Tiny Furniture

Tiny Furniture

2.7 4

Cast: Laurie Simmons, Grace Dunham, Rachel Howe


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A recent college graduate keeps stumbling as she steps out into the real world in this independent comedy drama. Aura (Lena Dunham) has just graduated from a university in the Midwest, receiving a degree in film theory that even she seems to realize is essentially worthless. With no real prospects she returns home to her mother, Siri


A recent college graduate keeps stumbling as she steps out into the real world in this independent comedy drama. Aura (Lena Dunham) has just graduated from a university in the Midwest, receiving a degree in film theory that even she seems to realize is essentially worthless. With no real prospects she returns home to her mother, Siri (Laurie Simmons), a successful photographer living in New York City. Aura's 17-year-old sister, Nadine (Grace Dunham), is about to graduate from high school and is choosing which college to attend in the fall; Aura is ostensibly back home to help Siri and Nadine during a hectic time, but they don't appear to particularly need or want her assistance. Aura befriends Jed (Alex Karpovsky), a minor celebrity thanks to his surreal YouTube videos, who insists he's in New York to take meetings for an upcoming TV project; he soon invites himself into Aura's bedroom as a semi-permanent guest, though he clearly has no interest in any sort of romantic or sexual relationship. With little else to do, Aura takes a job at a nearby restaurant and becomes smitten with Keith (David Call), one of the cooks; while he seems attracted to her, he also has a girlfriend and it isn't until they're both stoned one night that he makes his move in a rather unusual setting. Tiny Furniture was written and directed by Lena Dunham, who also plays Aura; Laurie Simmons and Grace Dunham are her mother and sister in real life as well as in the film, which was mostly shot in Simmons' actual apartment. The film was named Best Narrative Feature at the 2010 South by Southwest Film Festival.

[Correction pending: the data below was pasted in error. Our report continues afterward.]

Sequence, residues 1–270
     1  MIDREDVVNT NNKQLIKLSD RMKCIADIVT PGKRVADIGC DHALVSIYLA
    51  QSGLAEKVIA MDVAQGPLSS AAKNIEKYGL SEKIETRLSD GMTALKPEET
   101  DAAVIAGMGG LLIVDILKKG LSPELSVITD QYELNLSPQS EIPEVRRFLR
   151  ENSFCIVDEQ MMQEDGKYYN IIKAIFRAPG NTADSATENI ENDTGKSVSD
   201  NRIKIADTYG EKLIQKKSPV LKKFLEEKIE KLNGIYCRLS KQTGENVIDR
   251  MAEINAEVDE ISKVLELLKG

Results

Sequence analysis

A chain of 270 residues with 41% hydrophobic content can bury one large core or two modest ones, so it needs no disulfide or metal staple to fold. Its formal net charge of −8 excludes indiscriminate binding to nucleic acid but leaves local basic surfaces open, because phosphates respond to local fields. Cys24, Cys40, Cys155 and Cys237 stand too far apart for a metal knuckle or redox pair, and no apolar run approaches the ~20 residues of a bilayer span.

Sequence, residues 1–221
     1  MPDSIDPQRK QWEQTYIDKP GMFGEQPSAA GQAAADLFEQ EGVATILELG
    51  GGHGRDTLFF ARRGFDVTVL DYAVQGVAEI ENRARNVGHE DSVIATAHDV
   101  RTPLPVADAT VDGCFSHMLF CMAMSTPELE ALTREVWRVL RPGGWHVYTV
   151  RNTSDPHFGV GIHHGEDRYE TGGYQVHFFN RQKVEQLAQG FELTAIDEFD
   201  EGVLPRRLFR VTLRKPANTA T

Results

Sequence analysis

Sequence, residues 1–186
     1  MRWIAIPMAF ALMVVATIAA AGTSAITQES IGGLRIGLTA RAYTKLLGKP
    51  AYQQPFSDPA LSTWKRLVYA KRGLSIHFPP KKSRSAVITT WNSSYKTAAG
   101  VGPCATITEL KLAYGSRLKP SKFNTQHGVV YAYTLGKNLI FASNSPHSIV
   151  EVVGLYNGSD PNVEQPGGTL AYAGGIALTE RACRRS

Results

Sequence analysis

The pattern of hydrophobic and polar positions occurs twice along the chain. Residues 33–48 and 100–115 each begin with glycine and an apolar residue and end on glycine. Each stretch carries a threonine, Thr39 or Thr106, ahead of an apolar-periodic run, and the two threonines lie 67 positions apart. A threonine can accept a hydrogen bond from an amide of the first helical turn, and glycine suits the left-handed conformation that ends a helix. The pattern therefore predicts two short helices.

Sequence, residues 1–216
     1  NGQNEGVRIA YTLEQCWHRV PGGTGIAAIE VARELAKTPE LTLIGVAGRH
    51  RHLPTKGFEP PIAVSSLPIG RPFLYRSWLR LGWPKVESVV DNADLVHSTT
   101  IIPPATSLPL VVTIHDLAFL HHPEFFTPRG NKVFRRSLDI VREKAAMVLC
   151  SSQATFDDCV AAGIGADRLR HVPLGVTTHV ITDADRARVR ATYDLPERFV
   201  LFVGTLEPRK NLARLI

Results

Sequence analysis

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Lena Dunham took the independent film world by the lapels with Tiny Furniture, a solipsistic look at modern-day New Yorkers, and one particular New Yorker's angst-ridden transition into adulthood. In addition to writing and directing, Dunham also plays the lead, and her actual mother and sister play her mother and sister in the film. So this solipsism has a logical basis: it's a movie about a gloomy, self-absorbed character who's basically the filmmaker herself -- not symbolically, but actually. And with that much meta, there can't help but be plenty of navel-gazing. It's clear that excessive introspection and wallowing are what Dunham intends to dramatize -- what she sees as the shortcomings of her characters -- but then it's up to viewers to decide whether they feel enlightened or frustrated by her confrontational approach. Dunham makes little effort to cast any of the characters in a sympathetic light -- you want to shake them, actually -- and gives them the eccentric speech patterns of jaded intellectuals, so that the dialogue has a kind of stylized naturalism that consistently calls attention to itself. Dunham means to examine the purgatory into which young adults are thrust upon exiting the comfortable confines of the university setting, facing the world with degrees in such things as philosophy and film theory, which don't point them logically toward a career. It's not the most original perspective on post-collegiate uncertainty, but there's value in it. What's unclear is why Aura's fumblings are more worthy of our attentions, especially when she's always undermining our desire to root for her with behavior that is alternately too rash or too passive, and never demonstrates much generosity of spirit. The oddball rhythms and vanity-eschewing frankness of Dunham's debut make it a film worth noticing, and ultimately seeing, but it's easier to respect than to like.